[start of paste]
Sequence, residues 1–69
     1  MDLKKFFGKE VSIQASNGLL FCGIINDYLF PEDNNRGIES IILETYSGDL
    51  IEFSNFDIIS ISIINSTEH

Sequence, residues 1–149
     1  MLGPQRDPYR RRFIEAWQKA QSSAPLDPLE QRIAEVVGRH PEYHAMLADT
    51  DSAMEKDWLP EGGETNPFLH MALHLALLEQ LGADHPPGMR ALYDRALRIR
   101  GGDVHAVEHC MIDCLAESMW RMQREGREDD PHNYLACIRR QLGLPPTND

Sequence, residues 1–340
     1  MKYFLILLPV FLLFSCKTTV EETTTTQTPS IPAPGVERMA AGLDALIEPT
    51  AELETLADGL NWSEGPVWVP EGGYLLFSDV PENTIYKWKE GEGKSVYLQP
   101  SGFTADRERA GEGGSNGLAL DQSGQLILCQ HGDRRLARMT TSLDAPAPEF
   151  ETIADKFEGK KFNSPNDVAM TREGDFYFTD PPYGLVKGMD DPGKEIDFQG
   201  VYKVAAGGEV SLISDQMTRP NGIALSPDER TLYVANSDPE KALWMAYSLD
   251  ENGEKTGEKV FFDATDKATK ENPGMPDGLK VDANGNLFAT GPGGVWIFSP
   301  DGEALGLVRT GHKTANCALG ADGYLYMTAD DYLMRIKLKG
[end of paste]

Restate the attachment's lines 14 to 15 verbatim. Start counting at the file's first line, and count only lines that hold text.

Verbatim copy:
   251  ENGEKTGEKV FFDATDKATK ENPGMPDGLK VDANGNLFAT GPGGVWIFSP
   301  DGEALGLVRT GHKTANCALG ADGYLYMTAD DYLMRIKLKG